I didn’t want to miss out on the New Year’s festivities, and since we went to bed at about 12:30a on January 1st, I rang in the new year with a bottle of champagne couple of mimosas when I woke up and really joined the non-alcoholic party on January 2nd.

31 days later, it’s time to answer the question, “So how was it?”

I’m not going to sugar coat it, it wasn’t easy.

Especially being an avid football fan, spending Sunday afternoon sans-beer was a tough one for me. Date nights and dinners with friends were a true test as well, I don’t think we necessarily realize how much peer pressure there is to assimilate, even when it is unintentional and/or subconscious.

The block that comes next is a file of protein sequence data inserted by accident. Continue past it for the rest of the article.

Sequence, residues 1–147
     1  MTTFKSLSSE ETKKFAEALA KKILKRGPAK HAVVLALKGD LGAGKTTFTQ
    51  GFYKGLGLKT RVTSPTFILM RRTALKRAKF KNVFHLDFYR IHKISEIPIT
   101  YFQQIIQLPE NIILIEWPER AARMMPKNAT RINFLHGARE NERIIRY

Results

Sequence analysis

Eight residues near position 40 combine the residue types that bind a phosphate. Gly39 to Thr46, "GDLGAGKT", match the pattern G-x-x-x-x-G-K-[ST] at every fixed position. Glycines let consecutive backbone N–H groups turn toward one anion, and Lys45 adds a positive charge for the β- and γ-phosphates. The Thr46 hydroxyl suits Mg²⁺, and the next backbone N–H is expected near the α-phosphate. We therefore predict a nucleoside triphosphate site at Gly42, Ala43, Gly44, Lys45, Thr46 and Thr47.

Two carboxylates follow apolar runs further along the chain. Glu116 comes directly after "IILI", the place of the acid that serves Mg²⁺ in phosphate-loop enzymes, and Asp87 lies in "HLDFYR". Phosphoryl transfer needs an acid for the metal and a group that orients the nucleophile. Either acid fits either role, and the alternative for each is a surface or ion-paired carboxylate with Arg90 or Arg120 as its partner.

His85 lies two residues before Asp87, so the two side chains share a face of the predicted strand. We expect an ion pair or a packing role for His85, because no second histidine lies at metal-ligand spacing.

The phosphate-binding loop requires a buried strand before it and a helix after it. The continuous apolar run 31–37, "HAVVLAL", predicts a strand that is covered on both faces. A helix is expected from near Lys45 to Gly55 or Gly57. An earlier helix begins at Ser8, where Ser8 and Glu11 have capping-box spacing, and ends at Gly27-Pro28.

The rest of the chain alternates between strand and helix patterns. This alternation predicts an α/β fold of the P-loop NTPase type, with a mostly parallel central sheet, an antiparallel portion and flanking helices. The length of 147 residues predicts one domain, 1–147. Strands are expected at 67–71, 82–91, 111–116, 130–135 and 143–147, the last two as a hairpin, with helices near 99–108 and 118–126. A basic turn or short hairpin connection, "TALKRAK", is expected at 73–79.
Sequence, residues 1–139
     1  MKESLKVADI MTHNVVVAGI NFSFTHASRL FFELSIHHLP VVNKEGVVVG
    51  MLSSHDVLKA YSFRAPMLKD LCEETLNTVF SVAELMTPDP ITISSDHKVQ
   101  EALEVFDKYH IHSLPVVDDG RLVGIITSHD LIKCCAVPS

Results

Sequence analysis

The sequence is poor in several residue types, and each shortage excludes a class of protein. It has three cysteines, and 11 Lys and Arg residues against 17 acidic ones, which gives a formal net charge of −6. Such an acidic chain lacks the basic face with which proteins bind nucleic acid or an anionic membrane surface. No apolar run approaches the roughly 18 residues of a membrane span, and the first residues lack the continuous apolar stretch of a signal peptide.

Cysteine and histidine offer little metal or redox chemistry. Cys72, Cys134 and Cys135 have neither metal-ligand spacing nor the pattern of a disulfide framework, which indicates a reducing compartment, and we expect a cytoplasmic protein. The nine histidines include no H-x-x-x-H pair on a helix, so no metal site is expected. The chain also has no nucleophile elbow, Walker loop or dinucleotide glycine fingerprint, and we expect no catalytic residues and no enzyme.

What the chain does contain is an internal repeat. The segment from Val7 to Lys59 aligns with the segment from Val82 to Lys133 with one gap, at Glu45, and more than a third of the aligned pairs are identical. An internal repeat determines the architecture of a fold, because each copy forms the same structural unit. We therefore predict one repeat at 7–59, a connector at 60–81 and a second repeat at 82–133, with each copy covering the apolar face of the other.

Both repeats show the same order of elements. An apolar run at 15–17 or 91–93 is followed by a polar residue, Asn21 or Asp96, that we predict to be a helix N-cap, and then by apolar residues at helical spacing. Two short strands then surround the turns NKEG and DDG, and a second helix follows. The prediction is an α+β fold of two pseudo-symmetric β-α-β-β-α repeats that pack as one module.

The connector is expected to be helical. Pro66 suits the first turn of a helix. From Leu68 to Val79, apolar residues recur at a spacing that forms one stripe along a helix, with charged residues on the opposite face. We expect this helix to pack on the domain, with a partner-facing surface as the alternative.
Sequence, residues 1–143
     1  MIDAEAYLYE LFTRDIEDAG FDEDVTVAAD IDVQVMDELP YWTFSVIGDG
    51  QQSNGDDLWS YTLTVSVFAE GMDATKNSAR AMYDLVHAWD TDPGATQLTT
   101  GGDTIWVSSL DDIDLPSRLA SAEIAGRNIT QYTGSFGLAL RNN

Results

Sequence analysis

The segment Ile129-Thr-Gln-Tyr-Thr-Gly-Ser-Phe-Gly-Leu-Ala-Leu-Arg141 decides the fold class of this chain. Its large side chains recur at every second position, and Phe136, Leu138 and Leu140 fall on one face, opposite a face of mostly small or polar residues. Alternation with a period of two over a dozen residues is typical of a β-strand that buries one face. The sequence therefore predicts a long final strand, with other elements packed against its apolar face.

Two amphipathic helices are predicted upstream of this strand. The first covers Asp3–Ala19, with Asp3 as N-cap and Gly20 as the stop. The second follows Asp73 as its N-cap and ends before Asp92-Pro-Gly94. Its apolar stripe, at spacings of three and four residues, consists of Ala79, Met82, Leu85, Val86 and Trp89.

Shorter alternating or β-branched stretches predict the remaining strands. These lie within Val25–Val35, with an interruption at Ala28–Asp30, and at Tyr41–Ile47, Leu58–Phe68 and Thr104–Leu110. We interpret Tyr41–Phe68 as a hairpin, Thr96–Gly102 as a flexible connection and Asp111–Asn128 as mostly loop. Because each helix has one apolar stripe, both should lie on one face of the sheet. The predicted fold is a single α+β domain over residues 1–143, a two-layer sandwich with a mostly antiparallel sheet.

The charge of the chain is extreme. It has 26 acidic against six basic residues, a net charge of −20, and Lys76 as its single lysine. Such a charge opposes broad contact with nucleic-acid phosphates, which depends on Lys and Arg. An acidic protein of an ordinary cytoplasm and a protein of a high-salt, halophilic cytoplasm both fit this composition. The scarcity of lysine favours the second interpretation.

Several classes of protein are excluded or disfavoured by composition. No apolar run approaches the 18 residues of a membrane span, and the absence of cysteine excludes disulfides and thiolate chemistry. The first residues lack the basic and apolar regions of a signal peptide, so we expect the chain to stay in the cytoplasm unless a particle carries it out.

As for the health affects I knew I would probably see – the studies didn’t lie.

I’ve noticed an an obvious improvement in my skin, one might even say it’s gotten a slight glow going on. This could be because I’ve increased my intake of water, but it’s amazing the difference just that makes. Granted, I have such young skin, but if I can avoid spending a ton of money on skincare products? Extra score.

I’ve also lost 6 lbs since January 1st, but this is more than likely mainly attributed to my workout regime and diet change. However, I have noticed that by cutting out alcohol it has been incredibly easier to get in a whole gallon of water per day. That also allowed me to slash my dependence on caffeine – I haven’t had a single soda and only 1 cup of coffee in the last month – and my energy levels have soared.